The FAA has determined that recipients are not required to provide for public participation, as specified in 49 CFR Section 26.45(g), in setting their overall Fiscal Year 2000 concession goal.
Department of Transportation regulations require that overall concession goals be calculated consistent with the process in Section 26.45 for setting goals under DOT-assisted projects (49 CFR Section 23.95(a)). The FAA offers the following approach as one way to apply Section 26.45 to setting the airport's overall FY-02 concession goal. Other methods can be used, subject to approval of the FAA.
Regulations of the U.S. Department of Transportation (DOT) require primary airports to implement and annually update a disadvantage business enterprise (DBE) concession plan (49 CFR Part 23, Subpart F, Section 23.93(b)(2)). Set forth below is guidance on updating your plan for Fiscal Year (FY) 02.
Each primary airport should submit the information in items 1 through 4 to the FAA Regional Civil Rights Office by February 1, 2002.
Under 49 CFR Part 26, a DOT recipient is not authorized to require submission of a statement of personal net worth (PNW) from a firm seeking to participate in the DBE program only as a concessionaire. On June 28, 1999, DOT published a "Final rule; correction" to Part 26 in the Federal Register (64 F.R. 34569). The amendment specifies that the disadvantaged owners of airport concessionaires are not required to submit PNW statements. In the preamble, DOT clarified that the $750,000 PNW cap in 49 CFR Section 26.67, which is applicable to DOT-assisted contractors, does not apply to concessionaires.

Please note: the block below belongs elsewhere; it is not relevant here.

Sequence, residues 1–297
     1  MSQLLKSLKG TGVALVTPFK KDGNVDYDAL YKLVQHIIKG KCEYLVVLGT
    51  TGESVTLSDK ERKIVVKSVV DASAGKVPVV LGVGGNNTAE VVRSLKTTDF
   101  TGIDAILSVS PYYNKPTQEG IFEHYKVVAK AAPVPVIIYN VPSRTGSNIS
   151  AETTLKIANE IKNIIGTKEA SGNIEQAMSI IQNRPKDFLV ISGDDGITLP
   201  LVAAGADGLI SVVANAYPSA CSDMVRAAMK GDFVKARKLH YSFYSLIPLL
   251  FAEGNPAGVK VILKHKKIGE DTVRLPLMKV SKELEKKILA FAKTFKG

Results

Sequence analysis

Transportation Secretary Ray LaHood and Federal Aviation Administration Administrator Randy Babbitt today warned that new construction projects will not begin and many will be delayed if Congress is unable to work out its differences and pass a clean extension of the FAA Reauthorization bill.
U.S. Transportation Secretary Ray LaHood, Chicago Mayor Richard M. Daley, executives from United Airlines and American Airlines and U.S. Senators Richard Durbin and Mark Kirk announced today a $1.17 billion agreement that will allow the O’Hare Modernization Program to move forward, add runway capacity, and prevent flight delays from growing to unacceptable levels. With this agreement between the City of Chicago and American and United Airlines in place, work can begin on an additional south runway, as well as other airfield improvements needed to deal with increasing traffic at the airport.